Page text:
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(Photos:Nicole Kibert)

A few months ago, I received an email from an irate fan about my less than favorable review of Skeletal Lamping, the latest from Athens, Georgia indie-darlings Of Montreal. “I could write my own petty review on how much misinterpretation took place between Harris’ iPod and his ears during his probably 2 or 3 listens to the album, but I will avoid such directed commentary because it is clear that the time needed in deciphering such dense art has not fully been utilized,” the letter railed. Unfortunately, Skeletal Lamping isn’t dense art. It’s a mess, albeit a glorious mess, of a million different ideas hurled into one artistic void to create a Pollock splatter effect of an album.

Though Of Montreal made its debut in 1997 with Cherry Peel, the band did not receive more than a cult following until last year’s excellent Hissing Fauna, Are You the Destroyer? a harrowing journey into the psyche of frontman Kevin Barnes set to danceable pop. Something about this combo clicked and the band’s profile has continued to grow ever since.

Most of the crowd at their Portland show were barely out of diapers when Cherry Peel came out. Of course, Oregon has crazy liquor laws and the drinking population took to the balcony, but the amount of teens in the audience made me feel I had stumbled onto a Jonas Brothers concert. Of course, Jonas Brothers fans wouldn’t be face-painted nor pot-smoking. Maybe it was the place for the anti-Jonas fans. But whatever, I was there to see a show.

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I had seen the band twice before, and both times I felt the stage show’s theatricality got in the way of the music, but nothing prepared me for the Skeletal Lamping experience. Part Rocky Horror Picture Show, part Ziggy Stardust and part Dionysian bacchanal, elaborate sets including a golden sedan, people with animal heads, monsters with giant appendages and even a centaur covered the stage. Barnes, alone, had at least five costume changes throughout. Beginning the set with “Id Engager,” Barnes was the glam god, dressed as a blue squire with white ruffled shirt. The kids around me went nuts as he burst into a scream and began singing about a “slutty little flirt” screaming out for “the depths of this phallocentric tyranny.” Like Prince on sexual overdrive, Barnes stalked the stage as actors in black bodysuits skulked suggestively around him, contorting and grasping at his genitals.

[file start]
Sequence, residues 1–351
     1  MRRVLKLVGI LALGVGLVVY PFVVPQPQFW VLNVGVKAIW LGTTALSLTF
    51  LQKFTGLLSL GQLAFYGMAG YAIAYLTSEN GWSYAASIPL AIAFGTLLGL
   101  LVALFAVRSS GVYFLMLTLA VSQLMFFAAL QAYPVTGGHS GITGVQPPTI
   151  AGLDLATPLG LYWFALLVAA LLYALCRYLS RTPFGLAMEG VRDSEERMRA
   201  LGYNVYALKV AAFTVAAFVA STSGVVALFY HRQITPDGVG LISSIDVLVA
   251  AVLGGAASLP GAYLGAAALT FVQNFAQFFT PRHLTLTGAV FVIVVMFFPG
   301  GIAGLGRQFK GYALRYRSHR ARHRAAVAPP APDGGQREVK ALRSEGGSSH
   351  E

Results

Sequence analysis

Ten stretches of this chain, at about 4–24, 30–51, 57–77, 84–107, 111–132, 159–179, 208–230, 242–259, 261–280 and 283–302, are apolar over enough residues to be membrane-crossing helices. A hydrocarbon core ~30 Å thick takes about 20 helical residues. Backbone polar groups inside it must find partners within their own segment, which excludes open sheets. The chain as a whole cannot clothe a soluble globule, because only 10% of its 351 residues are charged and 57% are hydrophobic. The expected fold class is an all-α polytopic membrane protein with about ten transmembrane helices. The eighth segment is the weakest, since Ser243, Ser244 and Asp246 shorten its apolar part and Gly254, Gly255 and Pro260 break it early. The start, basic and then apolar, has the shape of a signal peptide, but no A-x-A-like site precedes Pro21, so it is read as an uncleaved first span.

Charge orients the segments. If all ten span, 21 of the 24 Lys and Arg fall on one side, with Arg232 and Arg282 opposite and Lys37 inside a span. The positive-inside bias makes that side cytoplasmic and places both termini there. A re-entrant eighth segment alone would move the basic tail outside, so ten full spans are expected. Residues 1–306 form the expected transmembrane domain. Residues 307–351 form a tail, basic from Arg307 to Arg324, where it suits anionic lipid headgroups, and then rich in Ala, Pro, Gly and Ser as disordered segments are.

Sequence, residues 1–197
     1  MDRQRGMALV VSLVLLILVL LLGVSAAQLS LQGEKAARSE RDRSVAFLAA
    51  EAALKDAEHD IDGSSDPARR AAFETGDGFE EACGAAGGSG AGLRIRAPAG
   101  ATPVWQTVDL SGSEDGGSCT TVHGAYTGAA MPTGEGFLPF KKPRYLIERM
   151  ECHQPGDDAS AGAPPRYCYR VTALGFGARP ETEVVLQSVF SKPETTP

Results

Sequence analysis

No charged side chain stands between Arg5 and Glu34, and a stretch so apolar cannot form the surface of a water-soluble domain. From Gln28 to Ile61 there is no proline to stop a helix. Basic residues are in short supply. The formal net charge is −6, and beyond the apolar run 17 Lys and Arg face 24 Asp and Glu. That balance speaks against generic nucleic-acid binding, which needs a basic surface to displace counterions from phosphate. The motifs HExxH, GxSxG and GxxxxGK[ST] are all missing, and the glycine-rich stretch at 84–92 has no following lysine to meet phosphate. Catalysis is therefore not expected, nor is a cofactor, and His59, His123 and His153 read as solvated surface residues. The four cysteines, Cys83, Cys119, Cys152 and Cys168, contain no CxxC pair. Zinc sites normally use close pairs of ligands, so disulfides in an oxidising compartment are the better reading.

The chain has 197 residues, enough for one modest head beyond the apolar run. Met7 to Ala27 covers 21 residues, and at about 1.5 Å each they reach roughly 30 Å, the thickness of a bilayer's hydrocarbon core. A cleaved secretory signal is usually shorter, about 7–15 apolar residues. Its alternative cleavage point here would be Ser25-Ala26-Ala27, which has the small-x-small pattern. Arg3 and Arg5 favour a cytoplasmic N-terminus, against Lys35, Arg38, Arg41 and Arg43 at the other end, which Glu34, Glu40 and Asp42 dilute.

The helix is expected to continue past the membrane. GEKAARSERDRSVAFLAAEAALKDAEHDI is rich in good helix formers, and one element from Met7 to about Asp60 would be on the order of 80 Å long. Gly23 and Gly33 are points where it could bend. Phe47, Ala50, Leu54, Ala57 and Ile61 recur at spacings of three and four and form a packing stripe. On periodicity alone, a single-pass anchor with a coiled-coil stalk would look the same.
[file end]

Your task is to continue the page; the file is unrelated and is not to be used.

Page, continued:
For some reason, the disco jive didn’t reach the balcony. While the youngsters bounced and bumped around me, the older folks on the balcony, the folks drinking stood stock still. It wasn’t until the Fauna combo of “She’s a Rejector” and “Heimdalsgate Like a Promethean Curse” that anyone upstairs began to remotely tap their toes.

But back to the stage show. As Barnes claimed he is “so sick of sucking the dick of this cruel, cruel city” on “St. Exquisite’s Confessions” he was dressed as a cardinal all in red as sexy nuns rubbed his body. That’s just the start of it. He would later strip down to a red Speedo, paint his entire red, be hanged and then return in a coffin covered with shaving cream. At one point, I looked to the balcony and saw a woman mouth to her husband, “What is this?”

It is so hard to write about the music while this Pink Floydian display is taking place. Sure, “Bunny Ain’t No Kind of Rider” and “Plastis Wafer” are infectious but I was too busy watching an Old West shootout and beach ball bingo to fully appreciate the sonics of the band. It wasn’t until the encore, when the band returned to rip through Franz Ferdinand’s “Take Me Out” and Nirvana’s “Smells Like Teen Spirit” that I felt as if I was watching a working band and not some phantasmagoric representation of one. I know for a fact that some of the music was pre-recorded, but here, Of Montreal turned into a rocking outfit and the crowd responded to the energy in kind. I do like Of Montreal’s music, a lot, but if Barnes continues to be distracted by theatrics, I think it hurts the songs. I did have fun at the show, but hearing those last two covers left me wanting more: more music.

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